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A think tank has published an interactive map of Scotland showing parts of the country facing the greatest and lowest risk of coronavirus transmission.
The colour-coded map based on the country’s 354 council areas puts Oban North and Lorn as one of the constituencies least at threat, along with Oban South and the Isles and Mid-Argyll.
Researchers and analysts at Scotianomics who used various sets of data to create the free online map say it gives the most detailed possible picture of which Scottish communities are most at risk from passing on the virus and potential fatalities from it.
The data used includes population density; how many older people or those
with underlying health conditions live in the area; how many people use road and rail travel; how easy or otherwise it is to access local health services and what residents’ average income is in each area.
Gordon MacIntyre-Kemp, founding director of Glasgow-based Scotianomics said: ‘We want to be absolutely clear. This is nothing to do with the number of cases in an area or how well people living in each area have observed the lockdown. It is not a map of COVID-19 cases across Scotland but of the areas most at risk of community infection.’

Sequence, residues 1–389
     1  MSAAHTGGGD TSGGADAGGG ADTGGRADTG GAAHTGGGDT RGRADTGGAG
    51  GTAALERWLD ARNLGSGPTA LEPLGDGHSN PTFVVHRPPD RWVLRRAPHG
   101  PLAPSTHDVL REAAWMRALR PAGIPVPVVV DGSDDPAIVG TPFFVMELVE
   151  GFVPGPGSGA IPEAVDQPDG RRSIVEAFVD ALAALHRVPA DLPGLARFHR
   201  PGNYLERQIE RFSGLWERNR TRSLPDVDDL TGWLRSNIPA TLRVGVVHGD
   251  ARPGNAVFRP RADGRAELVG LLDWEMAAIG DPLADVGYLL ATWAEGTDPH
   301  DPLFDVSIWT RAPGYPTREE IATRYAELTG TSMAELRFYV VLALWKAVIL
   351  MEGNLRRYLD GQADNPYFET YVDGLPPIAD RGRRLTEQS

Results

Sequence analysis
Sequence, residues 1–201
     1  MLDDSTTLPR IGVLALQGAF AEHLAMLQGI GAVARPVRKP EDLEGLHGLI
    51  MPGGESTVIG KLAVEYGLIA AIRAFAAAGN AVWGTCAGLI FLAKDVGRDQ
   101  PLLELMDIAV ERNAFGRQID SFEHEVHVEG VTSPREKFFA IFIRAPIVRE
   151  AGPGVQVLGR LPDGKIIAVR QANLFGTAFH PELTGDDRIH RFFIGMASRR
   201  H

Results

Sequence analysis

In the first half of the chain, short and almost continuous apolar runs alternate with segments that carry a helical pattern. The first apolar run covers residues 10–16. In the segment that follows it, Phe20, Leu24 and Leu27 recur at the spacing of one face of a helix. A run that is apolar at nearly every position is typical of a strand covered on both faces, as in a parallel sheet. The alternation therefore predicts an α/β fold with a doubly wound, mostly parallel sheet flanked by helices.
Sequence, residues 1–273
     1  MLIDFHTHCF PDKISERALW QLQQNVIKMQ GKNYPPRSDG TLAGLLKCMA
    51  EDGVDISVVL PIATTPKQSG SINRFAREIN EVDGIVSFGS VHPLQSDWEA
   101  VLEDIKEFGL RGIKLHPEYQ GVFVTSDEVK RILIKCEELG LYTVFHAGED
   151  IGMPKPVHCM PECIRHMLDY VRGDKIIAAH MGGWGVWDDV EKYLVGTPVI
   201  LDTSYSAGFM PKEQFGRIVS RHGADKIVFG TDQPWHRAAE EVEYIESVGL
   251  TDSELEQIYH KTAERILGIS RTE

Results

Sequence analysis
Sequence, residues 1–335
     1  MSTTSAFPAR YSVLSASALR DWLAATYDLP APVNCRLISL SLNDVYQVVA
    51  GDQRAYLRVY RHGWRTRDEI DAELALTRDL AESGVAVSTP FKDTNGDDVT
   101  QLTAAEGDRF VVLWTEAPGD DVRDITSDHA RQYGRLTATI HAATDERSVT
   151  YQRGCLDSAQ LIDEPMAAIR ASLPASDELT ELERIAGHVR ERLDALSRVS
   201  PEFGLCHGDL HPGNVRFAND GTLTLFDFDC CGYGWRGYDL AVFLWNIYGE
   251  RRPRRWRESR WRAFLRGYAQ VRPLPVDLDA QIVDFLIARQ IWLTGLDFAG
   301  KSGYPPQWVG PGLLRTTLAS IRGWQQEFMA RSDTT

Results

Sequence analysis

The brains behind the map say it should help guide the Scottish Government on lifting lockdown restrictions on a phased, geographic basis.
If that happened, it could see schools or businesses in the Oban area open earlier than in places such as Inverclyde North which is ranked in first position – the riskiest location.
Out of 354 local authority areas, East Garioch in Aberdeenshire ranked the safest in 354th position, Oban North and Lorn ranked in 298th place with Oban South and the Isles in 321st place, Mid-Argyll in 304th place and Fort William at 326th place on the index.
Mr MacIntyre-Kemp said: ‘In terms of both the economy and health and well-being, we believe it makes sense to ease the lockdown according to those regional differences in risk.
‘There has already been a great deal of debate on whether the four nations within the UK should ease restrictions in lockstep, despite the fact that Oban is likely to have a completely different risk profile to Tower Hamlets in London. What our research shows is that there are also significant
variations even within Scotland.
‘Across the world, other countries including China, Italy and Germany, responded to the initial threat on a regionalised basis and are now lifting lockdown according to regional variations. Our research suggests this is the most likely way to prevent a second wave and to protect the economy.’
The research has already been submitted to the Scottish Government’s Advisory Group on Economic Recovery and the map’s online tracker will be updated as new data becomes available.
For the time being, the information does not factor in actual infection rates or fatalities from each area because those figures are not yet publicly available in enough detail.
To see the online map go to www.scotianomics.org/covid19-risk-